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## References

Auslander, L. and Parter, S. "On Imbedding Graphs in the Sphere." J. Math. Mechanics 10, 517-523, 1961.Battle, J.; Harary, F.; and Kodama, Y. "Every Planar Graph with Nine Points has a Nonplanar Complement." Bull. Amer. Math. Soc. 68, 569-571, 1962.Booth, K. S. and Lueker, G. S. "Testing for the Consecutive Ones Property, Interval Graphs, and Graph Planarity using PQ-Tree Algorithms." J. Comput. System Sci. 13, 335-379, 1976.Bryant, V. W. "Straight Line Representation of Planar Graphs." Elem. Math. 44, 64-66, 1989.Cai, J.; Han, X.; and Tarjan, R. "New Solutions to Four Planar Graph Problems." Technical Report. New York University, 1990.Di Battista, G.; Eades, P.; Tamassia, R.; and Tollis, I. G. Graph Drawing: Algorithms for the Visualization of Graphs. Englewood Cliffs, NJ: Prentice-Hall, 1998.Eades, P. and Tamassia, R. "Algorithms for Drawing Graphs: An Annotated Bibliography." Technical Report CS-89-09. Department of Computer Science. Providence, RI: Brown University, Feb. 1989.Eppstein, D. "Layered Graph Drawing." http://www.ics.uci.edu/~eppstein/junkyard/thickness/.Even, S. Graph Algorithms. Rockville, MD: Computer Science Press, 1979.Fáry, I. "On Straight Line Representations of Planar Graphs." Acta Sci. Math. (Szeged( 11, 229-233, 1948.Gardner, M. The Sixth Book of Mathematical Games from Scientific American. Chicago, IL: University of Chicago Press, pp. 91-94, 1984.Harary, F. "Planarity." Ch. 11 in Graph Theory. Reading, MA: Addison-Wesley, pp. 102-125, 1994.Harborth, H. and Möller, M. "Minimum Integral Drawings of the Platonic Graphs." Math. Mag. 67, 355-358, 1994.Hopcroft, J. and Tarjan, R. "Efficiency Planarity Testing." J. ACM 21, 549-568, 1974.Karpov, D. V. "Upper Bound on the Number of Edges of an Almost Planar Bipartite Graph." 3 Jul 2013. https://arxiv.org/abs/1307.1013.Kocay, W. and Pantel, C. "An Algorithm for Finding a Planar Layout of a Graph with a Regular Polygon as Outer Face." Util. Math. 48, 161-178, 1995.Le Lionnais, F. Les nombres remarquables. Paris: Hermann, p. 56, 1983.Nishizeki, T. and Rahman, M. S. Planar Graph Drawing. Singapore: World Scientific, 2004.Read, R. C. "A New Method for Drawing a Planar Graph Given the Cyclic Order of the Edges at Each Vertex." Congr. Numer. 56, 31-44, 1987.Scheinerman, E. and Wilf, H. S. "The Rectilinear Crossing Number of a Complete Graph and Sylvester's 'Four Point' Problem of Geometric Probability." Amer. Math. Monthly 101, 939-943, 1994.Skiena, S. "Planar Graphs." §6.5 in Implementing Discrete Mathematics: Combinatorics and Graph Theory with Mathematica. Reading, MA: Addison-Wesley, pp. 247-253, 1990.Sloane, N. J. A. Sequences A003094/M1652, A005470/M1252, A049370, A049371, A049372, and A049373 in "The On-Line Encyclopedia of Integer Sequences."Steinbach, P. Field Guide to Simple Graphs. Albuquerque, NM: Design Lab, 1990.Stony Brook Algorithm Repository. §1.4.12. "Planarity Detection and Embedding." http://www.cs.sunysb.edu/~algorith/files/planar-drawing.shtml.Wagon, S. "Coloring Planar Maps and Graphs." Ch. 24 in Mathematica in Action, 2nd ed. New York: Springer-Verlag, pp. 507-537, 1999.West, D. B. Introduction to Graph Theory, 2nd ed. Englewood Cliffs, NJ: Prentice-Hall, p. 243, 2000.Whitney, H. "Non-Separable and Planar Graphs." Trans. Amer. Math. Soc. 34, 339-362, 1932.Whitney, H. "Planar Graphs." Fund. Math. 21, 73-84, 1933.Wilson, R. J. Introduction to Graph Theory. London: Longman, 1975.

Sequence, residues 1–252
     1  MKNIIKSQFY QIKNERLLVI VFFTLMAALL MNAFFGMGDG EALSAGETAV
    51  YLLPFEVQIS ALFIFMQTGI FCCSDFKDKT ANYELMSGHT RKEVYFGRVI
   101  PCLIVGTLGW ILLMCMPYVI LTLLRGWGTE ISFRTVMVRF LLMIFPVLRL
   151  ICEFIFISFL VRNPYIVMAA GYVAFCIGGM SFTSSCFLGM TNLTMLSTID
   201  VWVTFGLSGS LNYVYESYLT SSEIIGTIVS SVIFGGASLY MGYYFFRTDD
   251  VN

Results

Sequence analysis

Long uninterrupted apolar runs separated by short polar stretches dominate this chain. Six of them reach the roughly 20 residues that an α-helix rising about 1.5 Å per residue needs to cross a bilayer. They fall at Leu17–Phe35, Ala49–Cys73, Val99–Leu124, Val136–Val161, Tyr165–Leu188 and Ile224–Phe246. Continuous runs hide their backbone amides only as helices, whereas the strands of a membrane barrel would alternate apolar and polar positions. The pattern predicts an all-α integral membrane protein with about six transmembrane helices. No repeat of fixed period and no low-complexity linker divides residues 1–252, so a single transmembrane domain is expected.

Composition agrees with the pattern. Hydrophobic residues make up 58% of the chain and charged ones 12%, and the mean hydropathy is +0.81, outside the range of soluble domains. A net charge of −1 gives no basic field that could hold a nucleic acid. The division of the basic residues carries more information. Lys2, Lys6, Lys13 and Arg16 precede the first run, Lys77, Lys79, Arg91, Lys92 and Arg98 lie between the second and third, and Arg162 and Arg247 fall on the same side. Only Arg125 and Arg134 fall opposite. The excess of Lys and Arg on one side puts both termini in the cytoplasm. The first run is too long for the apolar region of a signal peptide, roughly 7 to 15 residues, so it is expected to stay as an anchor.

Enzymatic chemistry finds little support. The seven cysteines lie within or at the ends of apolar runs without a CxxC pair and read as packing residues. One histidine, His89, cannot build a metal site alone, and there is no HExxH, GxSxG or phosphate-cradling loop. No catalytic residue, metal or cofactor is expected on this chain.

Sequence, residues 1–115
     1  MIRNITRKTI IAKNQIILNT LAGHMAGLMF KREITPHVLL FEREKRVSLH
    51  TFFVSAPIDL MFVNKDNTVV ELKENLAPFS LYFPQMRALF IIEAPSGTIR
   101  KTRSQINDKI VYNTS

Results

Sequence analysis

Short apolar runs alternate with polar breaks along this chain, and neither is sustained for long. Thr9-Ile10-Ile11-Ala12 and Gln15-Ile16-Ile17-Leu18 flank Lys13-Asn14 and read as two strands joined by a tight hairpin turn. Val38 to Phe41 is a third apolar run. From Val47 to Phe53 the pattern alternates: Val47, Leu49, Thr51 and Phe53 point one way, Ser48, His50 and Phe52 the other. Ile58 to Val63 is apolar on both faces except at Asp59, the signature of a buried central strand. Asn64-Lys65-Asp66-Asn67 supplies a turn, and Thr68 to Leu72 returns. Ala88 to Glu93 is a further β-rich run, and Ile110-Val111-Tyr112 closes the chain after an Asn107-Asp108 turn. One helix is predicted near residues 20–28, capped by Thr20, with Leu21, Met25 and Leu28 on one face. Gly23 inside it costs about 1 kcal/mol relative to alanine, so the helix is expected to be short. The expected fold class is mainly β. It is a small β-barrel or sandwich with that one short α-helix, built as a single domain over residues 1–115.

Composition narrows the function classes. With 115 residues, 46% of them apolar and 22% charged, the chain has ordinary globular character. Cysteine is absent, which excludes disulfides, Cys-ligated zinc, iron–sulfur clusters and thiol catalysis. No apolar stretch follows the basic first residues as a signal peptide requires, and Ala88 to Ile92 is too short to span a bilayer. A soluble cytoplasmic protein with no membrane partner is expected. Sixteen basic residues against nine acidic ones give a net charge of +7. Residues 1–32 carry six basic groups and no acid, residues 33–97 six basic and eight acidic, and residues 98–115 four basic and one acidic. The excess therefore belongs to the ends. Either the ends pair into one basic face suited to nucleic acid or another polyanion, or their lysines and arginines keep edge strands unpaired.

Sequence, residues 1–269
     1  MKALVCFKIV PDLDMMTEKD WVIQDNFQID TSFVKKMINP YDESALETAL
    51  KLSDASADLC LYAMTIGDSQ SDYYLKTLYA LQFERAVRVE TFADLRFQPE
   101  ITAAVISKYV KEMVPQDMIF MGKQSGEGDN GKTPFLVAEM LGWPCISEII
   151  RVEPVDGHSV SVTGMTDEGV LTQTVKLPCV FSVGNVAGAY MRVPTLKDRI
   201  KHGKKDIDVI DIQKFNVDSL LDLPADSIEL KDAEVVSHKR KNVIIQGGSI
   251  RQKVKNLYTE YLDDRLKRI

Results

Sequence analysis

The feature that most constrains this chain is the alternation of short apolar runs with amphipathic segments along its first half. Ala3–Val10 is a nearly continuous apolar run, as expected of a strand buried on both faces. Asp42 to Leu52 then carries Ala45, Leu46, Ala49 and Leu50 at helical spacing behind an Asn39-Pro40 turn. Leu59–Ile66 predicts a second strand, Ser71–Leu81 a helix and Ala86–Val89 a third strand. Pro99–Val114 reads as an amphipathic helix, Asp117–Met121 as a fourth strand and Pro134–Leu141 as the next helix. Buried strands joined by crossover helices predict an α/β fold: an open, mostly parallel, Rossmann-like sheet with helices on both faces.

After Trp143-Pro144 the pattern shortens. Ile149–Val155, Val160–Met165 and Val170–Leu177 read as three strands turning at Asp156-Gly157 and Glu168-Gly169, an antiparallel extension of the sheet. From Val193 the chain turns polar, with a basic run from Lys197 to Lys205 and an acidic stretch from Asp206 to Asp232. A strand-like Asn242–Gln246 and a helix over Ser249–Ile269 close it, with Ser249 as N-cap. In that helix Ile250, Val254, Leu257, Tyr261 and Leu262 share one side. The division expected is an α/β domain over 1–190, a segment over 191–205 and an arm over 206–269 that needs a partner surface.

Planar Graph

## Cite this as:

Weisstein, Eric W. "Planar Graph." From MathWorld--A Wolfram Web Resource. https://mathworld.wolfram.com/PlanarGraph.html